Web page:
The town and region dates back to around Middle Palaeolithic Age, and there are remains from its initial inhabitants in the Morote and Las Palomas caves and in Los Tollos, El Palomarica and Hernandex Ros caves there are Solutrean remains. Further evidence of life and culture dating back to the Upper Magdalenian and Epipaleolithic ages are found in the Algarrobo cave.
The name derives from its occupation in the time of the Moors, who named the town Almzarron, which came from the Arabic al-mezer, meaning ochre or red. The regions minerals are rich in this area, hence the title.
There are many archaeological remains of interest throughout the area and you can visit the Town
Archaeological museum for further information on the long history of Mazarron.
Mazarron is broken up into small districts, with the main tourist areas being along the coastal region, including Puerto de Mazarron, Bolnuevo, Playasol, Playagrande and Bahia.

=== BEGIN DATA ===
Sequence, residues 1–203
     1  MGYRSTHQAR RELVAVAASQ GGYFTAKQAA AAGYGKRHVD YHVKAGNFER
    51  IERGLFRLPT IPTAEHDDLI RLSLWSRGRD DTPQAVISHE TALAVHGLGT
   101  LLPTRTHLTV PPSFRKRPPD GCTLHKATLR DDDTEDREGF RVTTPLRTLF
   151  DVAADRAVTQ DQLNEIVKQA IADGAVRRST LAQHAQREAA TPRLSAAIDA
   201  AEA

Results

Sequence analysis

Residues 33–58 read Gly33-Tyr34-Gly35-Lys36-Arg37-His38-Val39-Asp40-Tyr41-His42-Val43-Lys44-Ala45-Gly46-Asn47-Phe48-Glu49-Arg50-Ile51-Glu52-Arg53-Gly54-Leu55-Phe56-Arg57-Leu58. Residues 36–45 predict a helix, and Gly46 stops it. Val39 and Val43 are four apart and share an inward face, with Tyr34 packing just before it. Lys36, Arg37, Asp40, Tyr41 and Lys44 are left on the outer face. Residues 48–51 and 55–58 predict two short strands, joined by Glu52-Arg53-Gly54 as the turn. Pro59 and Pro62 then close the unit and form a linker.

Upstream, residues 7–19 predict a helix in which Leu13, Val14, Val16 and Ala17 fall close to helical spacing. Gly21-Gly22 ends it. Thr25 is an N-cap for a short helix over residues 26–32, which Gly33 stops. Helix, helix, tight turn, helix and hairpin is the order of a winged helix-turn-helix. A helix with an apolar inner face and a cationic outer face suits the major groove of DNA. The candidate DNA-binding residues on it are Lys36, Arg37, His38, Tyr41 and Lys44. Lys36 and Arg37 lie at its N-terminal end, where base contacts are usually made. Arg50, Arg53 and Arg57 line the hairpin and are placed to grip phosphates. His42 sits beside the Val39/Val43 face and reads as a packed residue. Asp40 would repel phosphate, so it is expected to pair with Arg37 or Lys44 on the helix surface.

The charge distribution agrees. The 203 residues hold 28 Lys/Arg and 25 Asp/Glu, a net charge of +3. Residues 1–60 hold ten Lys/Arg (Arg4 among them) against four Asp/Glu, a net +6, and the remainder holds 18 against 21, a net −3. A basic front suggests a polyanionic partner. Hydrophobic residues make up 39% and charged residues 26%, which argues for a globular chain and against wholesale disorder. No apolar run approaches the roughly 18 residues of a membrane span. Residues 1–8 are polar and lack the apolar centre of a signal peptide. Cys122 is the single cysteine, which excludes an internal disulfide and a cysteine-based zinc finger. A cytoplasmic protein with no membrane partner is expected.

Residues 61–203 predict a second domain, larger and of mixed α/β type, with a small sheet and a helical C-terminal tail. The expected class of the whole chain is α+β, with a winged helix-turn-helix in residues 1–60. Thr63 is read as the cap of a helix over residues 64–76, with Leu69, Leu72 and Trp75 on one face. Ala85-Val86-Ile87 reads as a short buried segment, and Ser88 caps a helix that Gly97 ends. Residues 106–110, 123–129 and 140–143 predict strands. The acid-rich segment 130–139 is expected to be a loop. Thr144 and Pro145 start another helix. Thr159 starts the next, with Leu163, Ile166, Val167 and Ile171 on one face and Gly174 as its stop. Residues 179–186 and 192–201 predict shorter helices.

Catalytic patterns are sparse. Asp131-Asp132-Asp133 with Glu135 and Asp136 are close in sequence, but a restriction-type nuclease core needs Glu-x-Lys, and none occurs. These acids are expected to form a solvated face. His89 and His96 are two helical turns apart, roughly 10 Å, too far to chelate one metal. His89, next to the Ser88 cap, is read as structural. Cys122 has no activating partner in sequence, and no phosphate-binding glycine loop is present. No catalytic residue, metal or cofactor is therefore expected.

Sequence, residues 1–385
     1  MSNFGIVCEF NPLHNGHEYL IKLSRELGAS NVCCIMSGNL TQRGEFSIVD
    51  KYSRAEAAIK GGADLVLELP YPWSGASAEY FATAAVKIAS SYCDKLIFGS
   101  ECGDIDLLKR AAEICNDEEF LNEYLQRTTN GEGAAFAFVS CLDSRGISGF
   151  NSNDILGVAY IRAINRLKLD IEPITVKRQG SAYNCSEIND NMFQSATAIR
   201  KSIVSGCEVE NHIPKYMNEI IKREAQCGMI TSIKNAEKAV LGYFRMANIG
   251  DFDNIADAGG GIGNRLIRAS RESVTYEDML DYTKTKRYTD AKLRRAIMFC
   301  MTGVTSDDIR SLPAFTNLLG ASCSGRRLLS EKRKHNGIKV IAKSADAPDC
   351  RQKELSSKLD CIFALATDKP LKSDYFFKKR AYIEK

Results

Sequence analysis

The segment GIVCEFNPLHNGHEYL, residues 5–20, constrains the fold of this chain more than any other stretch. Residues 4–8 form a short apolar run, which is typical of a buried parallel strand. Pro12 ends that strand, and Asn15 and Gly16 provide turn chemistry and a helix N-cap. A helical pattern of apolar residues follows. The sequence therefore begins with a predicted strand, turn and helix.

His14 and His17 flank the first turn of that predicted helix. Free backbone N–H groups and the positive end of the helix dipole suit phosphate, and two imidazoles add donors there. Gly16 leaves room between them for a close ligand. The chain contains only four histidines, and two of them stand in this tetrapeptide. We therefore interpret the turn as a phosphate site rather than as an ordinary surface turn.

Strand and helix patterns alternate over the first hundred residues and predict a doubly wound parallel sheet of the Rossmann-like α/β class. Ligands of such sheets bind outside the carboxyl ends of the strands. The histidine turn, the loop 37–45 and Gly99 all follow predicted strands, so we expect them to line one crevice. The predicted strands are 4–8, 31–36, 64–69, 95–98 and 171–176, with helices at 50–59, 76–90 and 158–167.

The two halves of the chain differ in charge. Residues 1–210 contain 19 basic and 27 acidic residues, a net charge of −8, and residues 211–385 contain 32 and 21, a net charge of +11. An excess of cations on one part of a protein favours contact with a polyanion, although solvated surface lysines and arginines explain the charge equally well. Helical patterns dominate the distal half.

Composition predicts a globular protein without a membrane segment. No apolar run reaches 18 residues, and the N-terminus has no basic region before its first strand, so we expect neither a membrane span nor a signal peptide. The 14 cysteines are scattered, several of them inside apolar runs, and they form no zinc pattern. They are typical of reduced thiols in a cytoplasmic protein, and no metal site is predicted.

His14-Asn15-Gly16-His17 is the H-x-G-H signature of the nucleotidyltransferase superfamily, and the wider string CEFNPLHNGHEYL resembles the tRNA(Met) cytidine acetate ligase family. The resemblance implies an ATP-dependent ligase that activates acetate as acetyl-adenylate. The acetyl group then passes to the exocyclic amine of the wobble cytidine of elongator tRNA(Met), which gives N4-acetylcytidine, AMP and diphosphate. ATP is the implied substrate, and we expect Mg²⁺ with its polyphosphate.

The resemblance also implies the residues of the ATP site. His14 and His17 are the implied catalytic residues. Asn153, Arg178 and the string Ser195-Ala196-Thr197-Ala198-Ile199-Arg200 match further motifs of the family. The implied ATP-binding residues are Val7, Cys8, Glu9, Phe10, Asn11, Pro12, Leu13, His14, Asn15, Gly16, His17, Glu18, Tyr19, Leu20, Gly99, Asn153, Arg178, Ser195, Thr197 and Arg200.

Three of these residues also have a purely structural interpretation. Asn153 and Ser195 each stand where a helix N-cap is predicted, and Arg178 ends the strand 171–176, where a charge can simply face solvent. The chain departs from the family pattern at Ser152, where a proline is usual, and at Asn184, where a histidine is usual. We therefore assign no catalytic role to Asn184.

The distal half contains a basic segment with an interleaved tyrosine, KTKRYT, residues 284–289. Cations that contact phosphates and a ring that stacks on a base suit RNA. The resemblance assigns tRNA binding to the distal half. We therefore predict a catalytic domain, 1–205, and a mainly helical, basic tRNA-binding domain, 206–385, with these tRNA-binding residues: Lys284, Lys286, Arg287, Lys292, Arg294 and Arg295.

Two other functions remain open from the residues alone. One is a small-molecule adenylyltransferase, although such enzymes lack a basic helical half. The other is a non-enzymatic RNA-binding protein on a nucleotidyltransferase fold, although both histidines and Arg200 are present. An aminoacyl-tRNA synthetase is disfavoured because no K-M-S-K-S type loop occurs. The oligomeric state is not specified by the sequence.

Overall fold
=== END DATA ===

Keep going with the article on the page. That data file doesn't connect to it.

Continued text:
However, moving inland into the municipality and the landscape turns into vegetation and agricultural land, where tomatoes, cereals and citrus fruit are major produce for Mazarron.
Further inland you come to the Sierra, a mountainous and unpopulated part of the municipality, where the land is more arid and mountainous. The beautiful forest reserve of Coto Fortuna is a beautiful area for those who enjoy rambling and outdoor pursuits.
If you are interested in exploring the history and culture of the region then you are in luck as
Mazarron is rich with archaeological remains and ancient buildings, which tell the tale. Interesting sites include the Old Alum Factory, the Velez Castle, dating back to the 15th century, the old Mazarron Mining Reserves, the 16th century San Andres Church and the Roman Milestone, dating
back from the 3rd century, there are indeed much more historical sites of interest.